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Age ain't nothing but a number

Ami Banerjee
Last edited 14th September 2012

Yesterday’s news hero was 100-year old Fauja Singh who finished the Toronto Waterfront Marathon to enter the Guiness Book of Records as the oldest man to ever complete a marathon. After reading so much about obesity, lifestyle risk factors and the chronic disease epidemic, it is great to hear that this Sikh gentleman has reached his age and maintained his fitness by sticking to ginger curry and tea.

Age and the “elixir of life” seem to be the theme of the news this week. Scientists fully decoded the genome of the world’s oldest woman who died in 2004 at the age of 115 years. This lady had no signs of dementia whatsoever and her good health has led to hopes that her genome will provide clues to her longevity. A herring-rich diet may have had something to do with it.

Ageing research is big money and a big priority. At the National Institutes of Health (NIH), over US$2.5 billion will be spent on ageing research this year, and the UK has been strengthening its ageing research portfolio and networks for the past few years. Scientific journals have blossomed around the search for life-prolonging knowledge. Did you know there was a journal called “Rejuvenation Research” ?

In clinical trials and research studies, if a difference is detected between two groups of individuals, often the first step in analysis is to “adjust for age”. In plain English, that means if we get rid of the differences between two groups which are just caused by differences in the ages of the individuals in the two groups, then we can assess if there are any other differences. It has always seemed counterintuitive to me that we do not also routinely adjust for sex, ethnicity, education, socioeconomic status and any number of other risk factors which can cause differences between groups of people.

With the make-up of our societies shifting more in the direction of elderly populations with increasing chronic diseases, the focus of research is shifting to how age itself contributes to disease processes and how we might reverse age-related processes. But are we focusing too much on just one factor? Age is undoubtedly a major contributor to many diseases and their underlying development but we cannot look at age in isolation. Fauja Singh and other healthy ageing adults reach their old age due to the complex interactions between genes, environment and chance, like every disease that medical science has so far uncovered. So to just look at his genes for the answer or for everybody to start on a diet of ginger curry does not make sense to me.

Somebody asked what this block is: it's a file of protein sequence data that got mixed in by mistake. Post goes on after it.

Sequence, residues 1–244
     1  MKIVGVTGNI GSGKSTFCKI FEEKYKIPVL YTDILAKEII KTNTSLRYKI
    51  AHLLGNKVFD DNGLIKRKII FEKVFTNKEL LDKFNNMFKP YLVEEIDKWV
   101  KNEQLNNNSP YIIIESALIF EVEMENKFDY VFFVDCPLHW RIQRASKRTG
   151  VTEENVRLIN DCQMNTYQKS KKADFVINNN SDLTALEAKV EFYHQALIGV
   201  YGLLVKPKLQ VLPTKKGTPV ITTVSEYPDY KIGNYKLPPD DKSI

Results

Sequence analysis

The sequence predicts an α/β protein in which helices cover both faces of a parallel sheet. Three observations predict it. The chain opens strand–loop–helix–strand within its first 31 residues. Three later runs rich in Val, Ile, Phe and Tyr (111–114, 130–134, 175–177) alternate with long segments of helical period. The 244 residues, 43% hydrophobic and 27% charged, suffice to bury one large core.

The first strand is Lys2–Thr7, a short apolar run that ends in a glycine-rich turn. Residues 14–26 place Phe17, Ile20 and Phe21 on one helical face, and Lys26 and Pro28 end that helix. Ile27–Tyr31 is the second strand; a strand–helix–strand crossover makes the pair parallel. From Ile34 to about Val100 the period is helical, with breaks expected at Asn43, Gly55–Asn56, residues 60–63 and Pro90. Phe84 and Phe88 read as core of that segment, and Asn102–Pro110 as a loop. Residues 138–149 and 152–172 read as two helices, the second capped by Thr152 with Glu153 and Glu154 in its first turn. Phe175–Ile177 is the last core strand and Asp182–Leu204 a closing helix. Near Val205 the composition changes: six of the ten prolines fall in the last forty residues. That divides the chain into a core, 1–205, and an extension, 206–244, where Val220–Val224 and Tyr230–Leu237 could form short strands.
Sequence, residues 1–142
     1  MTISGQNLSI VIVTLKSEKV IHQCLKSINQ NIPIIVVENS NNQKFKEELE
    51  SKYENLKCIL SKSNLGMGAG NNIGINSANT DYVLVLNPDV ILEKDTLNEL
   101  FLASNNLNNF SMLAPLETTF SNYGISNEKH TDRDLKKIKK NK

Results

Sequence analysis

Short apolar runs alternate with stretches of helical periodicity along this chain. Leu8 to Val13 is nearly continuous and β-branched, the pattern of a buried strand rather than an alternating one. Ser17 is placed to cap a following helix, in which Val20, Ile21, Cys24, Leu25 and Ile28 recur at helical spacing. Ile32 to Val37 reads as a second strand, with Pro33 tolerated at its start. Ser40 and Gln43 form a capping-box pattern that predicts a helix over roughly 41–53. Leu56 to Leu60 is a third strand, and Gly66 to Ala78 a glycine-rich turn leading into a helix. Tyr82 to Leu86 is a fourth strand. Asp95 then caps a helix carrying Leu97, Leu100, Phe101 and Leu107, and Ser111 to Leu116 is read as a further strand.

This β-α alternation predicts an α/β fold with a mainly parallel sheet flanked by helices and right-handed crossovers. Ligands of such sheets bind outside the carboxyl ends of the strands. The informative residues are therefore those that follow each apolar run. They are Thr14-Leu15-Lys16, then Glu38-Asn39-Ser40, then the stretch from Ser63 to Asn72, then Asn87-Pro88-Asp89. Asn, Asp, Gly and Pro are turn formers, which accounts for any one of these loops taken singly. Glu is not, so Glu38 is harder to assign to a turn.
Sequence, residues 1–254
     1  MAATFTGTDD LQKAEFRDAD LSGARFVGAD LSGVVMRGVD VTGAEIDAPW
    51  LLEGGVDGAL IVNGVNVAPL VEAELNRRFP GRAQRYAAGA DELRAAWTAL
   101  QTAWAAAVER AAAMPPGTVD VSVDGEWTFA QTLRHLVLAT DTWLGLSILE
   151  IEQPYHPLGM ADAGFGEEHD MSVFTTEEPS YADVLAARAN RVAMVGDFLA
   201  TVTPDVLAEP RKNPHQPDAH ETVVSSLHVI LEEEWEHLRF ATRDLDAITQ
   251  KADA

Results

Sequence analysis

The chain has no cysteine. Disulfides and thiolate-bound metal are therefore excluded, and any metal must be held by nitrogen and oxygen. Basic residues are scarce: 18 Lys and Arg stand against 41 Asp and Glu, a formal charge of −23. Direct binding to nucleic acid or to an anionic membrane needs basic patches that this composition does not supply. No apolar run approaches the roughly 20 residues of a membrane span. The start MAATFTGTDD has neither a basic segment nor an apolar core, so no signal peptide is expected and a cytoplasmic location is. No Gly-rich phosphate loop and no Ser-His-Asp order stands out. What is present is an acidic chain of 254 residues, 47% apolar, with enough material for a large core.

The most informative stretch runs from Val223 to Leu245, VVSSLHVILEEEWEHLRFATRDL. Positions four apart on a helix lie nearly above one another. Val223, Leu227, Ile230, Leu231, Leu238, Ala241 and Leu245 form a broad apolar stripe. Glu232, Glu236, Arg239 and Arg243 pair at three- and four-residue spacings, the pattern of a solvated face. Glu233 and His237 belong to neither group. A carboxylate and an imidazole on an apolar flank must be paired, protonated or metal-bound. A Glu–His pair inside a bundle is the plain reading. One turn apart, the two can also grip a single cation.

Think about this? There is only one speciality where the patient isn’t discharged from the doctor’s care. The answer is general practice. Yet in most clinical jobs, the all important discharge, is the most important outcome.

Once the patient has left then it’s not my problem: until the next time.

There is tentative evidence that Patient outcomes can be improved, if after discharge to home, they are visited by the doctor who treated them in hospital in the first place.

Yet, it’s slightly confusing, although communication between Primary care docs and hospital docs was found to be pretty poor at the time of discharge. There’ no surprise in that. In one study it made no difference in terms of adverse outcomes, if the communication was good or bad.

In addition to this, many patients leave hospital with test results pending and doctors are often unaware of important actions once the patient has gone home.

Even simple things can make a difference: The risk of being admitted to hospital decreases when patients are seen after discharge by a clinician who has actually received the discharge summary. Common sense at its best.

A lot of people want to know how to save healthcare costs and reform the health service. Then the answer has to be: ask simple questions and think simple answers. If everyone in healthcare stopped seeing discharge as the outcome we’d be a lot better off.

Evidence 2010

Carl Heneghan
Last edited 15th June 2010

Right now, you would have to have been asleep to not realize implementing cost-effective change based on evidence is the key challenge for health systems around the world. beciause this its the most pressing problem we decided to bring together a conference of the evidence creators and evidence users to define the processes for implementing best clinical practice and forging efficient and cost-effective solutions for healthcare.

We would like you to join us at Evidence 2010, the leading evidence-based healthcare event at the forefront of EBM debate and innovation.

The conference is a collaboration between the BMJ and the Centre for Evidence Based Medicine CEBM.

The aims of the conference are to:

* Improve evidence-based decision making and provide practical, evidence-based ideas that can be implemented in practice
* Foster effective innovation
* Guide efficient commissioning
* Provide education and training to improve evidence-based healthcare.

We've got some great speakers lined up including:
Jim Easton, Sir Iain Chalmers, Sir Muir Gray Victor Montori,
Paul Glasziou, Mike Clarke, Sharon Straus,
Giordano Perez Gaxiola, Steven Woloshin, Fiona Godlee, Bill Summerskill, Helen Lester, Rubin Minhas, Amanda Burls, Dan Lasserson, Dyfrig Hughes, Tony Rudd, Tim Ringrose, Tom Jefferson, Ann McPherson, and Fiona Fox
Oh and not to mention Ben Goldacre Bad Science.Net

Look forward to seeing you there, Carl

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